A few weeks ago we posted on our blog about a brand new type of data we’re now able to provide from CiteAb – instrument data.
We outlined how this allows us to look at the equipment being used in different research institutions, which suppliers are most succeeding in different equipment areas, and which pieces of equipment are most popular with researchers.
We focus our last blog on flow cytometers, and today we’re going to go into a little bit more detail and delve into the history of a single machine in this market – the BD FACS Calibur flow cytometer.
We chose this machine in part because it was our winner in the CiteAb 2018 ‘Flow cytometer of the year’ category, and also because it is one of the world’s most popular flow cytometry machines.
From our data, we can see that BD Bioscience’s FACS Calibur achieved 90 per cent of all flow cytometer citations back between 1997 and 2005. CiteAb product manager Rebecca Sadler says: “This was, and still is, an extremely popular product. It was the very first automated benchtop machine to perform both analysis and sorting, and it could be used in multiple applications and for the analysis of multiple parameters. This has no doubt lead to the machine’s continued popularity.”
It isn’t until we look at data for the 2000s that we start to see citations for other machines grow significantly in number, by which point BD Biosciences had truly made a name for itself in the flow cytometer market.
Rebecca adds: “The later BD machines offer technology advances on the FACS Calibur – for example the BD FACS Aria enabled high throughput analysis and sorting at lower costs, while the BD FACSCanto offered researchers a more efficient instrument, aiming to free up their time while also improving the reproducibilityat of results.”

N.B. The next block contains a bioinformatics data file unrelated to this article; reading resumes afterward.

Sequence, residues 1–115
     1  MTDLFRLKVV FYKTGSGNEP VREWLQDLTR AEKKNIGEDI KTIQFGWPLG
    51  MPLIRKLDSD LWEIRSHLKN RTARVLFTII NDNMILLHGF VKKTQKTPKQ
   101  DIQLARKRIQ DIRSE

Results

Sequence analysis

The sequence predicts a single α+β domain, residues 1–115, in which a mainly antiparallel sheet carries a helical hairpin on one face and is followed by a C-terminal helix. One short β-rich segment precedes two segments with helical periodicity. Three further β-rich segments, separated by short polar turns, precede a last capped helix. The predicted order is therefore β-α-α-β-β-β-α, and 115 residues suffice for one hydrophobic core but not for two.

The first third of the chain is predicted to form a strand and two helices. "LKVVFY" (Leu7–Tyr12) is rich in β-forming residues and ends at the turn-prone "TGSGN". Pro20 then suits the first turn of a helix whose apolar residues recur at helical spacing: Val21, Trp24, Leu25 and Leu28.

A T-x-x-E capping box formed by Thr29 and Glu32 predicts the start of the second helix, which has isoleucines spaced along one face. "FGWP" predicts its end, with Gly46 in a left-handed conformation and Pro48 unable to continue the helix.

Our data shows that citations for BD FACS Aria reached a peak in 2009, when its popularity began to decrease again to half its peak levels by 2017. This can be explained by the introduction of three new Aria products, the BD FACSAria II, BD FACSAria III and BD FACSAria Fusion, all of which have shown year on year citation increases.
Rebecca explains: “By increasing the functionality of the BD FACS Aria up to BD FACSAria III standard, researchers have a higher functioning machine. Combining the citation data for each version, this piece of equipment becomes a strong competitor in the flow cytometry market.”
And what about the old favourite, the BD FACS Calibur? Well the instrument’s citation share has remained largely stable over the past five years, with around a third of the total market. Again, the machine has benefited from the release of a number of optional upgrades which allow it to continue to function well in modern research environments.
Of course other suppliers, such as Beckman Coulter and Miltneyi, have stories of successful flow cytometer instruments too, and our data allows us to drill down into the detail on all of these. If you’re interested in learning more about all of our equipment data then contact Rebecca and she’ll be able to discuss it with you.
And soon we’ll have a look at another angle on this data – the trends for different machine use at major research institutions around the world. Watch this space!
– Matt and the CiteAb team